Picard’ Season 3 Showrunner on Creating a Satisfying Conclusion

Feb 11, 2023

Before Star Trek: Picard Season 3 premieres on Paramount+ on February 16, Collider’s Steve Weintraub spoke with the showrunner, Terry Matalas, about his vision for the final season of this chapter of Star Trek. During his interview, Matalas discusses avoiding “over-saturating” the universe and fanservice vs just existing within said universe. He teases familiar characters and locations for fans, promises more to come, as well as a satisfying conclusion to Star Trek: The Next Generation. He also reveals how he included a reference to the Transformers movie from 1986 in the season…

Though the first two seasons of Picard disappointed some fans, Patrick Stewart returns as the titular Jean-Luc Picard in what’s being called a “love letter” to Star Trek. Season 3 sees the return of Next Generation’s Gates McFadden as Dr. Beverly Crusher, Jonathan Frakes as Will Riker, Marina Sirtis as Deanna Troi, Michael Dorn as Worf, LeVar Burton as Geordi La Forge, and Brent Spiner as Lore. Michelle Hurd is also back as Raffi Musiker, as well as Star Trek: Voyager’s Jeri Ryan as Seven of Nine.

Picard Season 3 isn’t just about bringing back familiar faces, the show is also introducing fans to new talent, including Ashlei Sharpe Chestnut and Mica Burton as Sidney and Alandra La Forge and Amanda Plummer as the villainous Vadic. Others joining the fray are Todd Stashwick (12 Monkeys) as Captain Shaw of the USS Titan, and new series regular and associate of Beverly Crusher, Ed Speleers (Outlander).

Check our conversation with Matalas in the player above, or read the full transcript below. For even more on Star Trek: Picard, you can read what Maggie Lovitt’s rave review.

Image via Paramount+

COLLIDER: You got to include nods in the first six episodes to things from the past. I’m curious, was there anything that you really wanted to include as a nod to something from the past that you just couldn’t figure out how to work in?

TERRY MATALAS: No, no, not really. There are characters that I wish could appear, but might be appearing on other Star Trek shows. You don’t want to over-saturate the universe. But for the most part, I couldn’t believe I got away with what I got away with. Especially when you see the last four. There’s more to come. But I think the most important part is hopefully – and I hope that you felt that – is that it feels organic.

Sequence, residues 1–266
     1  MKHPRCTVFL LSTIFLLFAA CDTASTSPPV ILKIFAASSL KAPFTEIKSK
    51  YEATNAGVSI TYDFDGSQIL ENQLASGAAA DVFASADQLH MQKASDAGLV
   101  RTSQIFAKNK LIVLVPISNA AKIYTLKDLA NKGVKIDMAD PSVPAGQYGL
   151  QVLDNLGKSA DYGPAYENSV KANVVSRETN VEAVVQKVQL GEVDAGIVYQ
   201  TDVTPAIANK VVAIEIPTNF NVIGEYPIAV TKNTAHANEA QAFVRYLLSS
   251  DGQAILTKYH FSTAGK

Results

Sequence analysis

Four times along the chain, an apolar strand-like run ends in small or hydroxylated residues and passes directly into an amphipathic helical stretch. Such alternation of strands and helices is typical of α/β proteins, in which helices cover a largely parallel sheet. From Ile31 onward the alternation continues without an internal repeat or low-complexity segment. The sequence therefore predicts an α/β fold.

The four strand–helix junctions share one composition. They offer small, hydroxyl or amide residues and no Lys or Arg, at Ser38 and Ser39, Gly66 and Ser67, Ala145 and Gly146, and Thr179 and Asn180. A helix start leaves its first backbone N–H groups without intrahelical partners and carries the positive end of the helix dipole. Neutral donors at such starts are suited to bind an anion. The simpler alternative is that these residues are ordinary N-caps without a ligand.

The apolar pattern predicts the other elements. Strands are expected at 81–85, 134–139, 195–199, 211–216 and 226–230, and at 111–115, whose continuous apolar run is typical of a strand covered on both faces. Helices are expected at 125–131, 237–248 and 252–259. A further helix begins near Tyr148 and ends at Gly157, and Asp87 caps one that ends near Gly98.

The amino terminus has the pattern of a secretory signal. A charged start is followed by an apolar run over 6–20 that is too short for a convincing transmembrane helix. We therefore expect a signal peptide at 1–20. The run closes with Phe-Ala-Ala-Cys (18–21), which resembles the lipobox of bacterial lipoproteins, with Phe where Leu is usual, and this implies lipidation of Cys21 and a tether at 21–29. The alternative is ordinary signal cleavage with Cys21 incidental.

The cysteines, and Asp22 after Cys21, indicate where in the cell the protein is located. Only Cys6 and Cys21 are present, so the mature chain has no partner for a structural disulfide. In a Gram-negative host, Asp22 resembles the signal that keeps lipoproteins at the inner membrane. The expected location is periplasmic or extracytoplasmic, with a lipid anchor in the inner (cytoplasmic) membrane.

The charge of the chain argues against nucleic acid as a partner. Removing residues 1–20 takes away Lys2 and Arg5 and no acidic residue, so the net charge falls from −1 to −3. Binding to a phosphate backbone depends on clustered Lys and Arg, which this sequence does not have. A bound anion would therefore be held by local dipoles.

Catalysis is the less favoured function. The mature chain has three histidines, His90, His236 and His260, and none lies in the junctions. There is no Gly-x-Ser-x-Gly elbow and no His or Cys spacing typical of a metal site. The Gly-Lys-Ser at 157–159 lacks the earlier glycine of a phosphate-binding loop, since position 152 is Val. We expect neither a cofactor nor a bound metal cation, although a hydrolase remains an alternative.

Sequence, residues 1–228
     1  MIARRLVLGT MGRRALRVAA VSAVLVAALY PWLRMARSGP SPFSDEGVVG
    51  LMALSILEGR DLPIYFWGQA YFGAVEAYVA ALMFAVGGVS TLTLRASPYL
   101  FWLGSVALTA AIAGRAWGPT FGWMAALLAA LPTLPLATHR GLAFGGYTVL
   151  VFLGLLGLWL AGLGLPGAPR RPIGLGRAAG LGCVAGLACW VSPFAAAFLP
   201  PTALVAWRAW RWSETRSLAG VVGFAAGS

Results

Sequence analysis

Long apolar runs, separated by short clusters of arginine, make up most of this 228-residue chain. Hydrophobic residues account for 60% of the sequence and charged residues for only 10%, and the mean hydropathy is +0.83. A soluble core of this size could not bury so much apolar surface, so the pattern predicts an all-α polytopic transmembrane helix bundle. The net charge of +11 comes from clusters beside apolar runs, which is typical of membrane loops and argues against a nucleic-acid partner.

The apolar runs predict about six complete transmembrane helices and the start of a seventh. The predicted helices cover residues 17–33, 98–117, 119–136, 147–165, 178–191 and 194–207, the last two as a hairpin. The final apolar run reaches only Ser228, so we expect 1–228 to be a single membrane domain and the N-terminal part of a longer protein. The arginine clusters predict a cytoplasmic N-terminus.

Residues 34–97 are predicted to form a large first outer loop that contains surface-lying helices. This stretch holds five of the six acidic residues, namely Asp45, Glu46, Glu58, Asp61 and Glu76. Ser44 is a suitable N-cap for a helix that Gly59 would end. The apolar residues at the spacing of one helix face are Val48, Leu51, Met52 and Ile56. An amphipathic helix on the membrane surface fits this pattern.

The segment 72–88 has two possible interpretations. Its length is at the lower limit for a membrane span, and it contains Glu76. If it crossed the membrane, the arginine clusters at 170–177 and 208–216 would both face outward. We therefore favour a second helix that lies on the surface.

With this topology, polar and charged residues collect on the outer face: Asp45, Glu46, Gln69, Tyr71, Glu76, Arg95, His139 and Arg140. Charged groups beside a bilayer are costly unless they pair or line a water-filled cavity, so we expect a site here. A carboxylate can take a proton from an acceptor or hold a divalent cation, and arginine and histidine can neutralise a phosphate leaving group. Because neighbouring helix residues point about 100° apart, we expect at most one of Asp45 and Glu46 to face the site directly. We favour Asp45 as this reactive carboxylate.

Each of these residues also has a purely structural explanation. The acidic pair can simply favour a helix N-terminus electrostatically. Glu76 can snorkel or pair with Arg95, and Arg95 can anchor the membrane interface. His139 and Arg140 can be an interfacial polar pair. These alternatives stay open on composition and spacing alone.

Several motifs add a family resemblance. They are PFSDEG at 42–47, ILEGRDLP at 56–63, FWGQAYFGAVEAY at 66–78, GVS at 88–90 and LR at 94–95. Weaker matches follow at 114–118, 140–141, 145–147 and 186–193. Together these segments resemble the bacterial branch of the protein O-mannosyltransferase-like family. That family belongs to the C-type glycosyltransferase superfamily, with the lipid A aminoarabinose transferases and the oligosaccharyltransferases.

You know, specifically [in] Episode 6, we go to some locations that are rich with Star Trek history. And so, there’s a fine line between fanservice and just being in the universe in which 50 years of history exists. If you don’t take a moment and reference it and have a little fun, what are you even doing?

So it’s hard, it’s a difficult thing, but we feel like we got to do almost everything we wanted to do.

What was it like actually coming up with the finale? Because this could be the last time all these characters are depicted together on screen. I mean this could be the end.

MATALAS: Yes. I can’t really talk about it too much, but I will tell you that I think it’s satisfying. I think when you get there and you realize, when you see the whole picture and the puzzle comes together, it feels like a satisfying conclusion to Star Trek: The Next Generation.

However, it also is a passing of the torch of the last generation to the next generation, and there are some new characters you might want to see continue, and some new starships you might want to continue to see boldly go into the final frontier.

Image via Paramount+

I was wondering when you’re doing something like this, and you’re writing the finale of Picard Season 3, who was the person at the studio you were saying, “This is what I want to do, is this okay?”

MATALAS: I was very fortunate, particularly with this season, that they kind of let me do my own thing. That is not a common experience, but I had a lot of trust given to me – it was lovely – by everyone involved, and I could not be more appreciative of that. Again, it could be a complete failure. Fans could have been like, “What did he do? He just made this mess of a thing.”

But yeah, there were moments when I had to call and say, “I’m going to fly in this guy from New York. He played Professor Moriarty.” “He played who?” “He played Professor Moriarty, he’s an important part of Star Trek history.” “Alright, look, we’re going to trust you. You’re paying for flights, you’re paying for…” “Trust me. It’s important to the DNA of who these characters are.” And they did.

And, certainly, others, as you’ve seen looking at the first six, there are others that are meaningful. It’s pretty great when the powers that be are like, “Okay, if you say so.”

Star Trek: Picard Season 3 premieres on Paramount+ on February 16.

Disclaimer: This story is auto-aggregated by a computer program and has not been created or edited by filmibee.
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